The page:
I have been obsessively looking around the internet for poems to help ease the grief. Because words help heal, right? Only they don't. She's gone and I don't want her to be a ship sailing out of sight, or a rose growing on the other side of the wall, or any number of lovely nature images. I do not want to miss her and let her go. I just want her to be here, no matter how selfish that is. She's in a better place. But I don't care. I just want her here. Not there. Here.

These are things I know: I was very lucky to have my grandmother in my life for so long; and my children were lucky too, to know their great grandmother so well. Of course, she had already lived a lifetime before we came along and we didn't know that person. I didn't know her as a child, a young woman, or a new mother. I only knew her as my grandmother, the presence of pure, unconditional love.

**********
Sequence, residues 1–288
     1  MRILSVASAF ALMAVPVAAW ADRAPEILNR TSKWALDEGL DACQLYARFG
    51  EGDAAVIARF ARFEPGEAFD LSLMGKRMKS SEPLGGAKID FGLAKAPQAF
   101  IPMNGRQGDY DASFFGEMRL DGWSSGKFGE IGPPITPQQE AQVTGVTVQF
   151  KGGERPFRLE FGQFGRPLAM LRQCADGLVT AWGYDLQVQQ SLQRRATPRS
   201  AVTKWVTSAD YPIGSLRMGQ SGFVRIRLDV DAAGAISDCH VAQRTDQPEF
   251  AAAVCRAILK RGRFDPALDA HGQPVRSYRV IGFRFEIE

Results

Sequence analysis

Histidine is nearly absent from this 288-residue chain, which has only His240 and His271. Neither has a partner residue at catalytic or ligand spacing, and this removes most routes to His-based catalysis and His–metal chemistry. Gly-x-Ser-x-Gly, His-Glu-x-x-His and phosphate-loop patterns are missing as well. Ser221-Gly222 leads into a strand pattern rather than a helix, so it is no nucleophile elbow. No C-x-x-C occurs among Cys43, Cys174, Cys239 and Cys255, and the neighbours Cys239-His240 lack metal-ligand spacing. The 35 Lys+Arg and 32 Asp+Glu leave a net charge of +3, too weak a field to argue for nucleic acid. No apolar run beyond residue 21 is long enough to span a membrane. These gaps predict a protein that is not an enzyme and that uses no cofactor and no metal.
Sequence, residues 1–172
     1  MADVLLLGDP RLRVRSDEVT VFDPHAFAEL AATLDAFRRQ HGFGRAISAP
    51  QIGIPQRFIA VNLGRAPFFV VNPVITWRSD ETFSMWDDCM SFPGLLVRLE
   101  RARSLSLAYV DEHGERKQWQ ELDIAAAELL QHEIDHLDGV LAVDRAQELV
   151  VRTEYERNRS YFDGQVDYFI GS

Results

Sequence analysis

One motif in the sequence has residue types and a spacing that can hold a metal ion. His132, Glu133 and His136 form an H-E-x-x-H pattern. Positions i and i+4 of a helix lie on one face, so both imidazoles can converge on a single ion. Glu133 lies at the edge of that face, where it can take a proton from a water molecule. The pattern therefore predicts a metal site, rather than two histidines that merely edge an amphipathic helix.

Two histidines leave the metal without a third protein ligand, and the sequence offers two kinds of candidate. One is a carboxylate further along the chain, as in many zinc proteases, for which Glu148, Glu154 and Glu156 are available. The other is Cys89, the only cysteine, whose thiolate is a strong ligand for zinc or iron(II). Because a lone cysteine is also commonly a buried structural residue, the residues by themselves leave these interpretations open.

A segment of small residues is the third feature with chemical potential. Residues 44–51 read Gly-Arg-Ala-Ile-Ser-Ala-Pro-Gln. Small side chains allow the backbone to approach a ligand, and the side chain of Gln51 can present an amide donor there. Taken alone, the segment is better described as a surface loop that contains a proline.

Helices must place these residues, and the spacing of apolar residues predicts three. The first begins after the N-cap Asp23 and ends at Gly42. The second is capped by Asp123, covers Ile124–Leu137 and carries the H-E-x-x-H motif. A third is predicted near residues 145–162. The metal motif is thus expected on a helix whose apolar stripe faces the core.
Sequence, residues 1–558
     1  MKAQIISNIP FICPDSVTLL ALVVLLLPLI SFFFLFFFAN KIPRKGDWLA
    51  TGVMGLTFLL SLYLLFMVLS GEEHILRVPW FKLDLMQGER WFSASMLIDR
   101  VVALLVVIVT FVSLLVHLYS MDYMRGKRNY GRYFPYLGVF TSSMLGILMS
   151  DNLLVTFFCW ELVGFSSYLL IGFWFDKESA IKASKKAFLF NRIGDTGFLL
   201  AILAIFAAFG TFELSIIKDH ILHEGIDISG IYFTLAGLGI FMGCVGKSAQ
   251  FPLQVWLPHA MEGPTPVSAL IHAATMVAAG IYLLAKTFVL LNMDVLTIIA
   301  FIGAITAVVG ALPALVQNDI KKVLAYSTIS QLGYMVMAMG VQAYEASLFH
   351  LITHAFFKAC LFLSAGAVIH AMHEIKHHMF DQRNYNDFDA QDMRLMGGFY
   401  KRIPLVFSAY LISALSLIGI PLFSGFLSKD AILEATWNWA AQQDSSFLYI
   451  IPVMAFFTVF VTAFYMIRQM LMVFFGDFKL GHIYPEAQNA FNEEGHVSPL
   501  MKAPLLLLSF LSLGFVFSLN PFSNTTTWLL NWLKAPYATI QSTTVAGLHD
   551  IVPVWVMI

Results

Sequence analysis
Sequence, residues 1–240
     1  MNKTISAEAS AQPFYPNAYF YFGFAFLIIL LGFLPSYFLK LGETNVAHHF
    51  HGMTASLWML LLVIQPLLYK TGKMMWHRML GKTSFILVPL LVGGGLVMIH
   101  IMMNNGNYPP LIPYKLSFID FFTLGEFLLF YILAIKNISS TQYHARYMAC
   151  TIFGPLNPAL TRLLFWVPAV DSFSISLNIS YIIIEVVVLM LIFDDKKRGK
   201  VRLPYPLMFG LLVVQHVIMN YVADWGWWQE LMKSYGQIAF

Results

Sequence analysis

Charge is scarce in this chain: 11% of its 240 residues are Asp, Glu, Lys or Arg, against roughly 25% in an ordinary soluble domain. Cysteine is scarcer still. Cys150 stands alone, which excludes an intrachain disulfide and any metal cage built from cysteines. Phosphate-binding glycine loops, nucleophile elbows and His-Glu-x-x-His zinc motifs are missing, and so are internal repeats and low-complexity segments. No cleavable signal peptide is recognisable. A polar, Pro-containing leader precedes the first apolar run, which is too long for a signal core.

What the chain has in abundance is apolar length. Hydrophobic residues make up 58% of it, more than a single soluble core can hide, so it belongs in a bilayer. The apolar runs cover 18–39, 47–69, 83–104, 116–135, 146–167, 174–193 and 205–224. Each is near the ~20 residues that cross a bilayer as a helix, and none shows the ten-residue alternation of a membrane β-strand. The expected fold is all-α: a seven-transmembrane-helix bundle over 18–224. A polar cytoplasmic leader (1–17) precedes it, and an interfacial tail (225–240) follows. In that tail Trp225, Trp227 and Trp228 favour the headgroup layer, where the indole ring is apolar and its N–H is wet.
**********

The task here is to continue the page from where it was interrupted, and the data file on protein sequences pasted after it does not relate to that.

She was the one who sat and fed the goldfish in the pond with me. She was the one who brushed dead leaves away from a tree trunk in the woods to show me the purple of new spring violets. With my grandfather, she was the one who taught me to swim out in front of the cottage. She was the one who showed me the hidden space beneath the branches of the towering stand of pines in the side yard that was perfect for a child and her imagination. She gave big hugs that often hurt because she'd forget that her glasses were on a chain around her neck and they'd inevitably poke you in the chest. Actually, she lost her glasses all the time, finding them perched on top of her head or on that chain but dangling down her back instead of her front. She made tapioca pudding for us. I love tapioca pudding. Her macaroni and cheese casserole can't be beat. She loved chocolate. And peanut butter. And she was the first person to teach me to eat peanut butter on a spoon straight from the jar. She sometimes left things so long in her fridge that they were fuzzy and unrecognizable when they were finally pulled out. She read a lot. She picked books off of her own shelves for me to read and took me to the library, encouraging my habit. She loved dogs, especially the one she permanently borrowed from my parents. She fed birds and tried to outwit squirrels. She hugged teddy bears. She loved tiny, decorative, little trinket boxes. She cherished my children. She danced with my oldest son in his Johnny-Jump-Up. She let my stand-offish child, the one who inherited her curls, warm up to her great-grandmother on her own terms. She was thrilled when this same child did what I did as a baby in her arms, giggling as she tugged on her great-grandmother's curls. She read the same book over and over and over again to my youngest, never tiring of it and always looking at him with a special sparkle in her eye. She was incredibly caring, working for decades as a hospital volunteer. She was a member of the Women's Power Squadron and could strip down an engine and drive a boat. She built stone walls and transplanted snow on the mountain and wore great straw hats. She personified grace and loyalty and love. She was beautiful inside and out. If I wrote for a hundred years, I could never capture everything that she was and I am, without the shadow of a doubt, the poorer for her loss.